Manaaki Tāngata | Victim Support
Call us 24/7 on 0800 842 846 to be connected to a Support Worker for assistance.
Support through the criminal justice system
Look in this directory to find a New Zealand lawyer
If you are experiencing family violence and harm, consider making a safety plan. This is a plan of future actions you can take to keep you and your family and whānau members safe if you feel threatened or are in immediate danger. Everyone’s situation is different; Manaaki Tāngata | Victim Support and other local support services can help you to prepare an individual plan that works for you, when the time is right.
Reporting what happened to police as soon as possible can keep you or others from experiencing further harm but you can still report a crime to police regardless of how long ago it happened.
Support is here for you when things get tough. You don't have to face it alone. Reach out to these confidential and non-judgmental services to discuss your situation and get the help you need.
A hate crime is a criminal act like abuse, violence, threats, or intimidation, perceived by the victim to be motivated or influenced by hostility or prejudice against their personal traits, such as race, religion, sexual orientation, gender identity, disability or age.
A hate incident is an action that may not meet the criteria to be considered a crime but is seen or perceived by the person harmed as being motivated by prejudice against their personal characteristics.
Both hate crimes and incidents harm the victims, their families, whānau, and communities. They can happen to anyone anywhere, including online.
Hate incidents and crimes can take many forms, including:
It is never right or lawful to harmfully target individuals because of their identity. If you've experienced a hate crime, it's important to know that it's not your fault. No one has the right to harm you, and everyone deserves the right to be themselves and feel safe in their communities.
You may be scared to report the crime for fear of not being believed or taken seriously. Sometimes victims feel that they can’t tell anyone about what happened to them, but it helps when hate crimes are reported. Police take hate crime seriously and want victims to be safe and feel safe.
The incidents are not usually a one-off and providing police with information about what happened can help them find the perpetrators and prevent this happening to others. The more information police are given, the more effectively they can tackle hate crime. Remember that when a crime occurs, the offender is responsible, not you.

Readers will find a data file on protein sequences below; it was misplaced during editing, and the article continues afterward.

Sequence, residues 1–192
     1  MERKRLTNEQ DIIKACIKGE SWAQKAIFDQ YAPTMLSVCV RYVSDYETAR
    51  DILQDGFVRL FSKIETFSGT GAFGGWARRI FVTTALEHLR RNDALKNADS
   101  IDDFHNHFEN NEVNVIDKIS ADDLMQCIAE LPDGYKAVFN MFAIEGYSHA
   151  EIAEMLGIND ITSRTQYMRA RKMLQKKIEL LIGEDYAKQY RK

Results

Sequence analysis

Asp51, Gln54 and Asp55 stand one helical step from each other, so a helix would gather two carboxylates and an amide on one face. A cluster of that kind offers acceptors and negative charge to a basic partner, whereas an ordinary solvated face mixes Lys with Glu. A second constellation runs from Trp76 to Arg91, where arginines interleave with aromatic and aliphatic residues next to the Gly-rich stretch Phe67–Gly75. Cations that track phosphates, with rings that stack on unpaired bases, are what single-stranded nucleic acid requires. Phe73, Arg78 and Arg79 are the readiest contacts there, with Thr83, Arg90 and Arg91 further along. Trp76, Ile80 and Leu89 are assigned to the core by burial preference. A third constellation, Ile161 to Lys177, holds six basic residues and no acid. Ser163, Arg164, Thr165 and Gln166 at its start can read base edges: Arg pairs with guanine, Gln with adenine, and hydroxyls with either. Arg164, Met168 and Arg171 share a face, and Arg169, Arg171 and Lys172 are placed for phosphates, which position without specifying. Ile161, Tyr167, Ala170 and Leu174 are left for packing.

Whether or not you choose to report, you are entitled to free support from Manaaki Tāngata | Victim Support. We can support you to report a crime but if you choose not to, we are still here for you.
You can report online abuse or threats made against a person based on personal characteristics, such as gender, race, disability, religion by filing a Netsafe hate speech and extremism harmful content report.
If you experience or see hateful content on a social media platform, you should report the harmful content directly to the platform it is on. Netsafe can help you to understand the steps you need to take.
Reach out to groups or services you feel connected with, or that you think will best understand the distress you are feeling after what has happened. It could be a cultural or faith group, a group that relates to your sexual identity or orientation, a service that assists those with health or disability conditions, or that supports senior members of the community.
Your Support Worker can help you to find out where to make these connections.
Te Kāhui Tika Tangata | Human Rights Commission offers a free, informal enquiries and complaints service to deal with unlawful discrimination and racial and sexual harassment issues.
If you think you have faced discrimination due to hate crimes or incidents, or you see offensive online content promoting hate, you can make a complaint to the Commission. They can help with advice and information and, if necessary, mediating your complaint.
You can read more about their service and help on Te Kāhui Tika Tangata website.
Being a victim of hate crime feels deeply personal. Not only do you suffer the effects of the crime itself, but also the emotional impact of knowing that you were targeted for who you are, or who the perpetrator thinks you are. Both you and your community may feel anxious,fearful and isolated as a result.
It's common to experience shame but it’s important to know that no matter what the perpetrator or others may have said or done, it is not your fault. When a crime occurs, the offender is responsible, not you.
Naturally, many victims of hate crime report feeling more vulnerable and unsafe than before. You may be worried that you or others you care about may face such a situation again. This increased anxiety can mean that you lose confidence in doing things you previously enjoyed and felt safe doing.
If a child or young person has been affected by hate incidents or crime, or its consequences, their lives can become challenging. They may lose their sense of identity and safety in their schools or community, and feel increased social isolation.